#set( $identityValue = $util.defaultIfNull($ctx.identity.claims.get("username"), $util.defaultIfNull($ctx.identity.claims.get("cognito:username"), "___xamznone____")) )
#set( $ScanRequest = {
"version": "2017-02-28",
  "operation": "Scan",
  "filter": {
    "expression": "#owner = :owner",
    "expressionValues": {
      ":owner": { "S": $identityValue }
    },
    "expressionNames": {
      "#owner": "owner"
    }
  }
} )
$util.toJson($ScanRequest)

This template is pretty easy to understand. We first get the user from the request. Next, we declare a new request that executes the Scan operation. And then we filter by owner. The expression is equals, and the value is the user we extracted earlier. Lastly, we need to give owner the alias #owner using expressionNames because the word “owner” is a reserved word in DynamoDB.

The response template in amplify/api/<your-api-name>/resolvers/Query.scanTodos.res.vtl is straight forward.

$util.toJson($ctx.result)

We merely return the result. Run amplify push to deploy your changes.

Now configure Amplify in index.js.

import React from 'react';
import ReactDOM from 'react-dom';
import Amplify from 'aws-amplify';
import './index.css';
import App from './App';
import * as serviceWorker from './serviceWorker';
import config from './aws-exports';

Amplify.configure(config);

ReactDOM.render(<App />, document.getElementById('root'));

// If you want your app to work offline and load faster, you can change
// unregister() to register() below. Note this comes with some pitfalls.
// Learn more about service workers: https://bit.ly/CRA-PWA
serviceWorker.unregister();

Remember to create a user in the Cognito console. To conclude the example, we will render the todo count and create a thousand todos, if there are less than that.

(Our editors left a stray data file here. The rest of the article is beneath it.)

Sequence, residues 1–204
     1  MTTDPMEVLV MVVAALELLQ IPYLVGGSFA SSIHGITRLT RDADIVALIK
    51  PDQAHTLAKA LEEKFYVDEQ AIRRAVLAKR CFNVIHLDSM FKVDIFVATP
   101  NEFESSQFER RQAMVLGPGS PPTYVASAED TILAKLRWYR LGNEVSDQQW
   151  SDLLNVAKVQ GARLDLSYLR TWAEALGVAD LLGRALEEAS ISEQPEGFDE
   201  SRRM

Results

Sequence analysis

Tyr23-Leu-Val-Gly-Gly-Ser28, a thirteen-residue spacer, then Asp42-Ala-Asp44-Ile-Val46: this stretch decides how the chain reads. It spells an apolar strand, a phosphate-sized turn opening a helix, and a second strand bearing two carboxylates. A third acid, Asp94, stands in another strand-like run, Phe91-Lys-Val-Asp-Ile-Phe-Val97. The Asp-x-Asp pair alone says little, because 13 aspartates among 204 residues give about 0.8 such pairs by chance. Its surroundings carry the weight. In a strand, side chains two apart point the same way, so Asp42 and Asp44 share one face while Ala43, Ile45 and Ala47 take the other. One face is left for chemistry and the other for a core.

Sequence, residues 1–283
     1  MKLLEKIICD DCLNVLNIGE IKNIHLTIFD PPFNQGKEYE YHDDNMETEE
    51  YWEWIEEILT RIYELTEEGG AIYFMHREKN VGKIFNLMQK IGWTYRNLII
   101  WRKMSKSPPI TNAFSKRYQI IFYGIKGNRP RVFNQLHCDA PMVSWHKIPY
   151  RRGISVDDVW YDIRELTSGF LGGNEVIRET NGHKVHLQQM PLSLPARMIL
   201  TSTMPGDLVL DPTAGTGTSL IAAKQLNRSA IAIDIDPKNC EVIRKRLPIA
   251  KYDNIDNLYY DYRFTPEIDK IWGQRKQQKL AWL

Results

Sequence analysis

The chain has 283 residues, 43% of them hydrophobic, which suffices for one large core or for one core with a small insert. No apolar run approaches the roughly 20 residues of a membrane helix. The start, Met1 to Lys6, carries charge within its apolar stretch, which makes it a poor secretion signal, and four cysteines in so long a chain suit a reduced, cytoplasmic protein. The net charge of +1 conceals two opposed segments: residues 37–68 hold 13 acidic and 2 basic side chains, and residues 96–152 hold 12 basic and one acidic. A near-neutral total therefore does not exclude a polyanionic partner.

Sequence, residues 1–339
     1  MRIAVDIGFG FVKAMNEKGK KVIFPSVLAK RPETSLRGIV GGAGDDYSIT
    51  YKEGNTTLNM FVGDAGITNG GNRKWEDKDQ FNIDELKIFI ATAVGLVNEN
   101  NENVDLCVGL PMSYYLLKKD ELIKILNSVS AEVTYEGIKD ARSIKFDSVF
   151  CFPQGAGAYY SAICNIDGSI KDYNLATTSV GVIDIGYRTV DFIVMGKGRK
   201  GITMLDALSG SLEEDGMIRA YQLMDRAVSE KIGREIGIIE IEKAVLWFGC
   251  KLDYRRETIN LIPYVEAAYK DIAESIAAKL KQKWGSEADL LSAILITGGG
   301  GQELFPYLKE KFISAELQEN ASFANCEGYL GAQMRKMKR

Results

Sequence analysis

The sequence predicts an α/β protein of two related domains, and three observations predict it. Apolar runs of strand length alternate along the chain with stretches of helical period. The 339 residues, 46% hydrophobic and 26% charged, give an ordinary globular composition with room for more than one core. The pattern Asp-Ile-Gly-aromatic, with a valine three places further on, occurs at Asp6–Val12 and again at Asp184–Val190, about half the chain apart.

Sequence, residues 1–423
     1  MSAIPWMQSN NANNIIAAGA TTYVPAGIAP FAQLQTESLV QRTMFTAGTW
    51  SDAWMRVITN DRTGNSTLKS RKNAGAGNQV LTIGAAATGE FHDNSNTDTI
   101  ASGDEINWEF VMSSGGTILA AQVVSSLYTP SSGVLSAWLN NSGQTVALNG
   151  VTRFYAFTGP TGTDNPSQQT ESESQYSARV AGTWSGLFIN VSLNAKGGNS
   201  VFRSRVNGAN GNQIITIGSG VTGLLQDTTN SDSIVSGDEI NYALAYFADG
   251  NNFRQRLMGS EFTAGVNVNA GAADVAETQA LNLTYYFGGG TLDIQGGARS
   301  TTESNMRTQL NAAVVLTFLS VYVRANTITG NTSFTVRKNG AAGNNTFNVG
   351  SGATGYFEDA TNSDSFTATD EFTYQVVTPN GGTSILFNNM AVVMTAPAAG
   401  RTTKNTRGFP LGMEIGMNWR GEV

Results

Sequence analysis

import React, { useEffect, useState } from 'react';
import { API, Auth, graphqlOperation } from 'aws-amplify';
import './App.css';

import { scanTodos } from './graphql/queries';
import { createTodo } from './graphql/mutations';

const asyncForEach = async (array, callback) => {
  for (let index = 0; index < array.length; index++) {
    await callback(array[index], index, array);
  }
};
const range = (start, end) =>
  Array.from({ length: end - start + 1 }, (x, i) => i + start);

function App() {
  const [todosCount, setTodosCount] = useState(0);

  useEffect(() => {
    async function loginAndCreateTodos() {
      try {
        await Auth.signIn('scan@tutorial.com', 'password');
        const todosData = await API.graphql(graphqlOperation(scanTodos));
        const count = todosData.data.scanTodos.items.length;
        setTodosCount(count);
        if (count < 1000) {
          console.log('Creating Todos ...');
          const dummyTodos = range(count, 1000).map(i => ({
            name: `Dummy${i}`,
          }));
          await asyncForEach(dummyTodos, async input => {
            await API.graphql(graphqlOperation(createTodo, { input }));
          });
          console.log('Done creating. Reload your app.');
        }
      } catch (error) {
        console.log(error);
      }
    }

    loginAndCreateTodos();
  }, []);

  return (
    <div className="App">
      <h4>Todo Count</h4>
      <p>{todosCount}</p>
    </div>
  );
}

export default App;

The code is pretty self-explanatory. asyncForEach avoids race conditions. range is a helper to fill an array with numbers between two bounds. And we have a useEffect that logs the user in, gets all todos using our scanTodos query and counts them. If there are less than a thousand, we create them. We also log in the console when the creation starts and when it ends so you know what’s going on because creating a thousand todos can take a while.

Run the app, and after you see "Done creating. Reload your app." reload it. Your counter should now be at 1001. If it is you just did a query for more than a thousand entities 👏🏻. Good job! If you followed this tutorial, you can clear everything up by running amplify delete.

If you liked this article, you might also enjoy “Creating GraphQL Batch Operations for AWS Amplify” because we also use custom resolvers in it.